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More on the increased interest in Atlas Shrugged

Words to remember

Richard Epstein (Wall Street Journal, 3/26):

Two basic principles that animated our Constitution appear to have no traction today. One holds that property is the guardian of every other right. The second asserts that voluntary exchange is the source of general peace and prosperity. Today's Supreme Court looks to neither principle for guidance.

Mark Steyn (National Review Online, 3/28):

“We can’t,” he [President Obama] continued, “allow institutions to cherry pick among competing regulators and ship risk to where it faces the lowest standards and weakest constraints . . . ”

Just as a matter of interest, why not? If you don’t want to be subject to the punitive “oversight” of economically illiterate, demagogic legislators-for-life like Barney Frank, why shouldn’t you be “allowed” to move your business to some jurisdiction with a lighter regulatory touch?

Borders give you choices. Your town has a crummy grade school? Move ten miles north and there’s a better one. Sick of Massachusetts taxes? Move to New Hampshire, as thousands do. To modify the abortionists’ bumper sticker: “I’m Pro-Choice And I Vote With My Feet.” That’s part of the self-correcting dynamism of capitalism: For example, Bono, the global do-gooder who was last in Washington to play at the Obama inauguration, recently moved much of his business from Ireland to the Netherlands, in order to pay less tax. And good for him. To be sure, he’s always calling on governments to give more money to Africa and whatnot, but it’s heartening to know that, when it comes to his wallet as opposed to yours, Bono — like Secretary Geithner — has no desire to toss any more of his money into the great sucking maw of the government treasury than the absolute minimum he can get away with. I’m with Bono and Tim: They can spend their money more effectively than hack bureaucrats can. We should do as they do, not as they say.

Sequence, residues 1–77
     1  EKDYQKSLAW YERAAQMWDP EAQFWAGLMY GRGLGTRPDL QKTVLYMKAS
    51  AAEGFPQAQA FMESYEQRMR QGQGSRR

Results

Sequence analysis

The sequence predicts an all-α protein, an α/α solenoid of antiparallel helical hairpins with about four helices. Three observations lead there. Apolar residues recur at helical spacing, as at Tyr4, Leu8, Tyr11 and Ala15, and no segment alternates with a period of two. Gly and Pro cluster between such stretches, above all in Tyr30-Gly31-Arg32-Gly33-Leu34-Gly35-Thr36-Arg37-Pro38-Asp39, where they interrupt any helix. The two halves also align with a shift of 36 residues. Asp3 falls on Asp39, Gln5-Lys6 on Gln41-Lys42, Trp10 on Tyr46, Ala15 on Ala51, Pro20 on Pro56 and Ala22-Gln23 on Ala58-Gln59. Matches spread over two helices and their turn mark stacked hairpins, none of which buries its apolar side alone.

Stephen Moore (The Weekly Standard, 4/6):

Next is the hard-to-swallow assumption in the budget that all of the new spending in the $800 billion democratic "stimulus" bill that Obama signed in February will expire after 2011. "We are supposed to believe," says Paul Ryan, the ranking House Republican on the Budget Committee, that "Nancy Pelosi, Charlie Rangel, Henry Waxman, and Ted Kennedy are going to allow spending for programs ranging from education for disabled kids, to Pell Grants, to Head Start, to child nutrition programs to fall off a cliff two years from now." Not likely. When Ryan asked the Congressional Budget Office what happens if the spending for about two dozen of the most politically popular programs is continued, not cancelled, the CBO reported back that the deficit and federal outlays would be $3.27 trillion higher over the next ten years.